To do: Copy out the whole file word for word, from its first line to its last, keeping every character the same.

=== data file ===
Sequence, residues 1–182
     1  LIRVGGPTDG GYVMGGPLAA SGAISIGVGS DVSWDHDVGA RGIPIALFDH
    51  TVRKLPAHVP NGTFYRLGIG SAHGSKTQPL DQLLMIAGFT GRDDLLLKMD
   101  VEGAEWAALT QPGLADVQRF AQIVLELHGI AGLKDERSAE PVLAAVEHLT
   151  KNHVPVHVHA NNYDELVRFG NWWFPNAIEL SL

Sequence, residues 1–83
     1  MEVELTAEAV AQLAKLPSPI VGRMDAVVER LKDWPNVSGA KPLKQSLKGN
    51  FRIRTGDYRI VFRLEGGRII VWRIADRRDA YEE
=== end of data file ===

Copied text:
Sequence, residues 1–182
     1  LIRVGGPTDG GYVMGGPLAA SGAISIGVGS DVSWDHDVGA RGIPIALFDH
    51  TVRKLPAHVP NGTFYRLGIG SAHGSKTQPL DQLLMIAGFT GRDDLLLKMD
   101  VEGAEWAALT QPGLADVQRF AQIVLELHGI AGLKDERSAE PVLAAVEHLT
   151  KNHVPVHVHA NNYDELVRFG NWWFPNAIEL SL

Sequence, residues 1–83
     1  MEVELTAEAV AQLAKLPSPI VGRMDAVVER LKDWPNVSGA KPLKQSLKGN
    51  FRIRTGDYRI VFRLEGGRII VWRIADRRDA YEE